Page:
The two leading mobile wallet companies are bKash and DBBL. bKash, the market leader with 80% market share, is a subsidiary of BRAC Bank Ltd. It is the world’s second-largest mobile money company after Vodafone Plc’s M-Pesa in Kenya. SureCash is the new entrant in mobile finance services which received $7 million from Osiris Group, an emerging private equity firm from Asia which invests for social progress and economic development.

However, the value of transactions through mobile finance services in Bangladesh was 5.6% of GDP in 2015, which is far lower than Kenya’s 55 percent. Experts believe that cash transaction will reduce in another five years and mobile money will grow as more and more people will start paying money for private and government services through mobile wallet.

Launched in November 2012, CloudWell offers solutions in point of sale system, debit card and payment gateways under its brand PayWell, got $2 million funding in May this year. The Dhaka-based startup has clients across various sectors such as telecommunication, financial services, e-commerce, etc. The company claims to have a network in more than 30 districts in the country.

Status of policy regulation in Bangladesh

As far as mobile finance services are concerned, the Bangladesh Bank first issued guidelines in 2011, which it kept on updating. These guidelines define ownership structures and mobile network operator participations among other things.

Last year, the Central Bank of Bangladesh said that all financial transactions through mobile would be through bank-led companies which mean all existing mobile money platforms will have to be linked up with banks. The central bank has asked all the stakeholders to respond to the proposal. Experts believe that it’s a great move to bring the unbanked population into the mainstream of the financial system. Experts believe that it’s a good beginning but the further in-depth analysis is needed. As far as investing in a startup is concerned, the government doesn’t give any tax benefit. But investors demand tax relief to encourage the startup scene in the country.

Startup Incubators in Bangladesh:

Bangladesh startup scene is evolving with accelerators, incubators, startup events and some state sponsored programs. One of such events is Seedstars Dhaka which is a global seed-stage startup competition. The best startups give their presentations before venture capitalists and mentors. The winner gets $5 million equity prize. FinTech, TravelTech, and StarTech are the three major categories in which Seedstars Dhaka holds the competition. It has started in Dhaka from this year only.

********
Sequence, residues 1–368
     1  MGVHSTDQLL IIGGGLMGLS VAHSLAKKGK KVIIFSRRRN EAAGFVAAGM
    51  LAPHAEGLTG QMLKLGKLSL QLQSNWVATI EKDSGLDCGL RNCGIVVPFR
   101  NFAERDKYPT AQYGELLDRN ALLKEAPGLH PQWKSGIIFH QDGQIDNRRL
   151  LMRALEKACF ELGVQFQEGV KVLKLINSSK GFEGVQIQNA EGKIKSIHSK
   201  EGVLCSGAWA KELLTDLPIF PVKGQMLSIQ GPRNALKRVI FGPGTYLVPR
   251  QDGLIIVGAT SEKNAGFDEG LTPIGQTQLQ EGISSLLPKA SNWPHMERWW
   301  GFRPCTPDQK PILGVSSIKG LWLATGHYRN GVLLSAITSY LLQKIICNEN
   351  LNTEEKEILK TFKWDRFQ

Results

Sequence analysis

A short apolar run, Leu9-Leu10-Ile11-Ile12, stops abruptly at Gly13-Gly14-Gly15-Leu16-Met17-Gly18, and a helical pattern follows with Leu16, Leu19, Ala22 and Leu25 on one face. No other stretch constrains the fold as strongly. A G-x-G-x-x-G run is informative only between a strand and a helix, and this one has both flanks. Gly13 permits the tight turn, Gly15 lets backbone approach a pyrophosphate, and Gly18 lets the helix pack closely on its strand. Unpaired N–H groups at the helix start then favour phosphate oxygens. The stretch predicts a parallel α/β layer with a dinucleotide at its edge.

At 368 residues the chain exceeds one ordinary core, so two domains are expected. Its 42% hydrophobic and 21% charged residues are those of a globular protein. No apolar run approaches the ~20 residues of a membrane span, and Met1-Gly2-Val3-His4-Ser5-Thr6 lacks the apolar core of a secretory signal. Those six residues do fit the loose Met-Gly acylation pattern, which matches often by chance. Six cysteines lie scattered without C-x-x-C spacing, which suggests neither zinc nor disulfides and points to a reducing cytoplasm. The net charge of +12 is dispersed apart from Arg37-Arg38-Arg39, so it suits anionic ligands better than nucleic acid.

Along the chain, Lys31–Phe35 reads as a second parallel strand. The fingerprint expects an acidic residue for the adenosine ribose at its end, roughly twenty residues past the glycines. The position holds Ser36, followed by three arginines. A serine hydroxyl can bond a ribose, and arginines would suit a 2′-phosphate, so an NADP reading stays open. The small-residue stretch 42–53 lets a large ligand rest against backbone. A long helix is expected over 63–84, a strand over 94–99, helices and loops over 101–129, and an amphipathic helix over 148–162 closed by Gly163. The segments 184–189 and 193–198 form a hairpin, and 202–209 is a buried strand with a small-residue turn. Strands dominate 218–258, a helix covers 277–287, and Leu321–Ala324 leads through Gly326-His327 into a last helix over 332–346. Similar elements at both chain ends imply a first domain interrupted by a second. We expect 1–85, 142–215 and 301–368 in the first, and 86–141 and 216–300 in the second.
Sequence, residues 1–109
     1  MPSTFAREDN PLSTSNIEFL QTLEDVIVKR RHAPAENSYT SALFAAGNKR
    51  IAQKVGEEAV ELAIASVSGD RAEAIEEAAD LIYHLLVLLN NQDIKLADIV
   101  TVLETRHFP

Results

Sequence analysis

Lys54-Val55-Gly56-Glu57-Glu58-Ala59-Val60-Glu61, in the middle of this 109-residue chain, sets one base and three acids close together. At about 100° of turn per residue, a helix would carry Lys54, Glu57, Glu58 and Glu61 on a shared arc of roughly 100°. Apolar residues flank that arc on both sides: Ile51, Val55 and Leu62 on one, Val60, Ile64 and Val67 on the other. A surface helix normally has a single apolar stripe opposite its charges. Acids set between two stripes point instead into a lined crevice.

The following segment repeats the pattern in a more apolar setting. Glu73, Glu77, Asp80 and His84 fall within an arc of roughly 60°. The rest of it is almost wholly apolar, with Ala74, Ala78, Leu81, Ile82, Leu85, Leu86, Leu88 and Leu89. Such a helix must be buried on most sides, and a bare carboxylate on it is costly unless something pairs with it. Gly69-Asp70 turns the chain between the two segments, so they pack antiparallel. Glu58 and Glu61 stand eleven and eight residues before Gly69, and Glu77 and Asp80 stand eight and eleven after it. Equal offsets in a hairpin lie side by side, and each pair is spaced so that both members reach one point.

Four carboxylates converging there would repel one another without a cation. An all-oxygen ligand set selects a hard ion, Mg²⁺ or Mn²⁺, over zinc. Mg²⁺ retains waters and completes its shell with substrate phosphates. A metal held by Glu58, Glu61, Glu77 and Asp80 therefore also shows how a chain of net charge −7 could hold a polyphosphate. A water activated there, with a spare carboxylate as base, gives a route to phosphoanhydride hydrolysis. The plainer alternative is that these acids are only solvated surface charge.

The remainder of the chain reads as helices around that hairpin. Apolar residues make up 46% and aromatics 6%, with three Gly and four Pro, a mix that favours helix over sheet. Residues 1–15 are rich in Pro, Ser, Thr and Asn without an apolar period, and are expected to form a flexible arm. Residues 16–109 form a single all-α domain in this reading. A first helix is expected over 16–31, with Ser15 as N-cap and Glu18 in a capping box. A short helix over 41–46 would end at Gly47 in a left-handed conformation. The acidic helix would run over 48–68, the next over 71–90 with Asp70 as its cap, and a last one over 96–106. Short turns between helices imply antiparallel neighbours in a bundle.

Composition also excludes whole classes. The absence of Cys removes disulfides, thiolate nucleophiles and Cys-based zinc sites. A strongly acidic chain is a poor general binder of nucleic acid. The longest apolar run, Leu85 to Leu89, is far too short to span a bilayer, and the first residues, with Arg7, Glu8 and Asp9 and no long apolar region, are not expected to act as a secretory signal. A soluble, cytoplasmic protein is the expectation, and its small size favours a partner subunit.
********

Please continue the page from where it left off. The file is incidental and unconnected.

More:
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Grameenphone, the leading telecom operator who claims to have the highest number of subscribers & widest network in Bangladesh, organizes another accelerator program, GP Accelerator. It aims at providing tech startups with resources that they need to build and grow.

Founder Institute is another early stage startup accelerator, which has helped many tech companies to launch and operate successfully. A similar initiative is started by the Bangladesh Startup Lab, which runs the flagship acceleration program for women and youth entrepreneurs.

Some other startup contests such as Innovation Xtreme, Startup Weekend Dhaka and Get in the Ring Bangladesh have helped create a startup eco-system.

Along with these private initiatives, some government-sponsored programs such as Connecting Startups Bangladesh are also helping startups get in touch with the investors. It selects promising startups, and along with mentoring and incubation, they also provide workspace, logistic support, training opportunities and introduce them to multiple VCs and other funds.

Current status of financial institutions in Bangladesh:

46 ATMs per million inhabitants show a tremendous untapped opportunity for financial technologies in Bangladesh. The archaic banking system suffers from a lack of technological innovation. Even over-saturated banks haven’t leveraged technology for its customers’ benefits. The result is that the formal financial services cover only 17% to 36% adults. The expansion to rural or far-flung areas doesn’t look a profitable business venture, so a lot of banks don’t look towards rural population. Economists believe that financial inclusion is necessary to remove poverty and financial technology can play a fundamental role in bringing parity.

Conclusion:

The unexplored financial market of Bangladesh shows that there is a lot of scope for innovation in Fintech. A huge unbanked population is ready to join the mainstream financial system, but the lack of connectivity has remained a big hurdle. FinTechs can bridge the geographical distance and play a crucial role in the overall development of the country.

Alex Kong